Olympia LGBTQ+ History: "Pickets Protest Disco Treatment"

Welcome to the Trans and Queer Generations blog! Along with providing updates and getting folks (like YOU!) involved in making Olympia’s LGBTQ+ community center happen, we’ll use this blog to highlight events and people in our Northwest queer and trans history.

In particular, we want to acknowledge the people who labored -- and those who are still laboring -- to make our communities safer and more welcoming for all LGBTQ+ people.

We found today’s LGBTQ+ history snippet via the Olympia Gay/Lesbian History Walking Tour, developed by local heroes Llyn De Danaan and Carol McKinley.

As you probably know, it wasn’t until 2006 that  discrimination based on  sexual orientation and gender identity was banned in our state. (Future posts will focus on the decades-long struggle to pass that law, and the obvious reality that banning discrimination doesn’t make it disappear.) Prior to the ban, it was legal and easier for restaurants, bars, and many other places to refuse service to people because they were (or looked like they might be) queer. Generations of people have worked to make it safer for LGBTQ+ people to simply be themselves in public.

One local example of this type of discrimination -- and a fabulous response by the LGBTQ+ community -- is the story of Olympia's Conestoga Roadhouse, a bar and dance hall that was located on Columbia St. in the 1970’s.  As you can see from this 4/29/79 article from The Daily Olympian, local woman who wanted to dance with other women told reporters that they “encountered harassment from patrons...when they danced at the Conestoga, that they were denied service, that they were asked to leave and were not giving what they considered due protection by dance-hall security employees.”

The article details a protest led primarily by lesbians, who picketed outside of the bar. The bar-owner, who apparently thought that discriminating against same-sex couples was a good thing, is quoted as saying, “we do have the right to refuse service. If you let certain types of elements take over a place, you’re going to be hurting.”

disco protest.jpg

The  “certain types of elements” continued to fight back. On their Queer Space Reclamation Project blog, Karama Blackhorn writes, “in April 1979 three women met with the management to the Conestoga to present a statement demanding that women be allowed to dance together and that dress codes be applied equally to all, not just used to keep certain women out. Police were called to escort same-sex couples out, there was picketing by men and women and same sex couples danced in the restaurant in protest.” (Note: Karama is another local LGBTQ+ hero we’ll honor in a future post). {Please continue reading after the break.}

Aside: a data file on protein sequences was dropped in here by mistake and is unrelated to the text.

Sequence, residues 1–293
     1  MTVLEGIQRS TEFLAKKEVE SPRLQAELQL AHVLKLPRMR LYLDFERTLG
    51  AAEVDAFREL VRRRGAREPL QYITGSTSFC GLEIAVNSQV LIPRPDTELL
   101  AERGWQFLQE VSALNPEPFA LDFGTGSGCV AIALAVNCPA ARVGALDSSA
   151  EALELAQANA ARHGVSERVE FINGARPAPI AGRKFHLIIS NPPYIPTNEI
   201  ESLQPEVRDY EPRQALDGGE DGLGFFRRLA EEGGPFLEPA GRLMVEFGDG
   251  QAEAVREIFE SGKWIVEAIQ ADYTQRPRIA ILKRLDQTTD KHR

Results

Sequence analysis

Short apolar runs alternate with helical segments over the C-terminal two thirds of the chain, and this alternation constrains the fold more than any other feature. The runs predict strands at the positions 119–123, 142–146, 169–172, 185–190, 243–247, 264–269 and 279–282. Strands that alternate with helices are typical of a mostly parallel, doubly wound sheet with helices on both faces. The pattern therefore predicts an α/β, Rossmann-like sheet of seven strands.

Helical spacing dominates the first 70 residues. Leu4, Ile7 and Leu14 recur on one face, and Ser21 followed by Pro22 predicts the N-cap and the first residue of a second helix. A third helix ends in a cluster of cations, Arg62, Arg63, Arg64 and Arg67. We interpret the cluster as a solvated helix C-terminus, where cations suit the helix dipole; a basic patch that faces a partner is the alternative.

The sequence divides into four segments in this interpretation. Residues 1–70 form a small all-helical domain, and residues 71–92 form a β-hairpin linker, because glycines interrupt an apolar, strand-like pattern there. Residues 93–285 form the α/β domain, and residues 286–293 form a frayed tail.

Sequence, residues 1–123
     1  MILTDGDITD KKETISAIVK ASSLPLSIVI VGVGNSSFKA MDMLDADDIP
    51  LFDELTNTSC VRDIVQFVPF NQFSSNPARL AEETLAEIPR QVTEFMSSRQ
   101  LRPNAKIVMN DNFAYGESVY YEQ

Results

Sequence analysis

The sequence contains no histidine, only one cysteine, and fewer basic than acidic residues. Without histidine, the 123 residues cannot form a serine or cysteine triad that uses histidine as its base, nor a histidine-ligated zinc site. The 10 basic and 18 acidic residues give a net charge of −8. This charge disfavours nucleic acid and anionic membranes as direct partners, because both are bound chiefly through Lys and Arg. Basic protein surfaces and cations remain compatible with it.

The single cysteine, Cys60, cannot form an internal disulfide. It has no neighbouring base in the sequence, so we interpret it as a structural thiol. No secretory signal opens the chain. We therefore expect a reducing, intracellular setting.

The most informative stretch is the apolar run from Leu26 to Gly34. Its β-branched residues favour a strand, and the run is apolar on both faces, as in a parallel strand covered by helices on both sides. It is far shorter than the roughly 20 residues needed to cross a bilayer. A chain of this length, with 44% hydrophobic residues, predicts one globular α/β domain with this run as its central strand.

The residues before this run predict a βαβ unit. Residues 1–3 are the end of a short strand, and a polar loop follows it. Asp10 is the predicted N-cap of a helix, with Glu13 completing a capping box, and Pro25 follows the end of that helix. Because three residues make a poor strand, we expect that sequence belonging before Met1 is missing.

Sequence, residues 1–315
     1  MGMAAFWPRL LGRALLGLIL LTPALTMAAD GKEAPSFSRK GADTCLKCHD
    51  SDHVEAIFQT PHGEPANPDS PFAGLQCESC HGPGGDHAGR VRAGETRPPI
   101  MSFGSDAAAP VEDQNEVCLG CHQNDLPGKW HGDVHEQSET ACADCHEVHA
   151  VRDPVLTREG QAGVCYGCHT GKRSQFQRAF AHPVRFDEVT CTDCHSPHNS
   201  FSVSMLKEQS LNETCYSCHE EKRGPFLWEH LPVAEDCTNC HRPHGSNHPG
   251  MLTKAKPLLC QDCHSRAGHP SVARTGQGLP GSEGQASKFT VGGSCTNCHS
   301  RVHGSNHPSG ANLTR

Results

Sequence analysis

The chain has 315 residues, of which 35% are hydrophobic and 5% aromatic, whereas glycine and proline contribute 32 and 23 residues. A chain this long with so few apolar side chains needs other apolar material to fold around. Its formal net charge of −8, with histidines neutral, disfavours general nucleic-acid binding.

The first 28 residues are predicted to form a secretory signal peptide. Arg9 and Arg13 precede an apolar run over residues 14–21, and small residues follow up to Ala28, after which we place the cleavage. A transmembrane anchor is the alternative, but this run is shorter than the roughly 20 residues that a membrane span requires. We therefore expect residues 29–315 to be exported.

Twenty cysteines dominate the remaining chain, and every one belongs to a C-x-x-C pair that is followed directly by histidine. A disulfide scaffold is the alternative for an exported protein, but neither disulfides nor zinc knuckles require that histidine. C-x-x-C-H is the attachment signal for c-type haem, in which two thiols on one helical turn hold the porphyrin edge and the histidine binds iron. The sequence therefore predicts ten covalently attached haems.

The Queer Space Reclamation Project contains interviews by local LGBTQ+ folks.  One of the interviewees, called "Anna - Lesbian -Olympia" on the website, says of the Conestoga that “We decided on a strategy of doing weekly actions by sending in a steady stream of same gender couples to dance until they got thrown out. We put together flyers that said “Gay Night At the Conestoga” and featured the Conestoga logo and we put them up all over town…{one plan} was to go in as opposite gender couples and get up to dance in same sex couples. Of course they would always throw us out. The straight men would smash into us on the dance floor and be nasty. The Bar kept trying to figure out how to get rid of us, so they created a dress code…” 

The series of creative protests eventually shut down the bar, according to the Gay and Lesbian History Walking Tour (noted above).

In the end, it appears the the owners misguided opposition to the fabulous "certain elements" led to the closing of the bar. Apparently he was surprised that LBBTQ+ folks were willing to do the labor to make it safer for them to dance his dance club. Too bad the owner wasn't willing to just let people dance!

We'll be back soon with more history of the LGBTQ+ community's struggles for safe places to dance and to work, live and just exist as they are.  Thanks for reading this, and be sure to check out the rest of the Trans and Queer Generations website and our campaign to create an LGBTQ+ community center in Olympia.

 

 

 

Bryn Houghton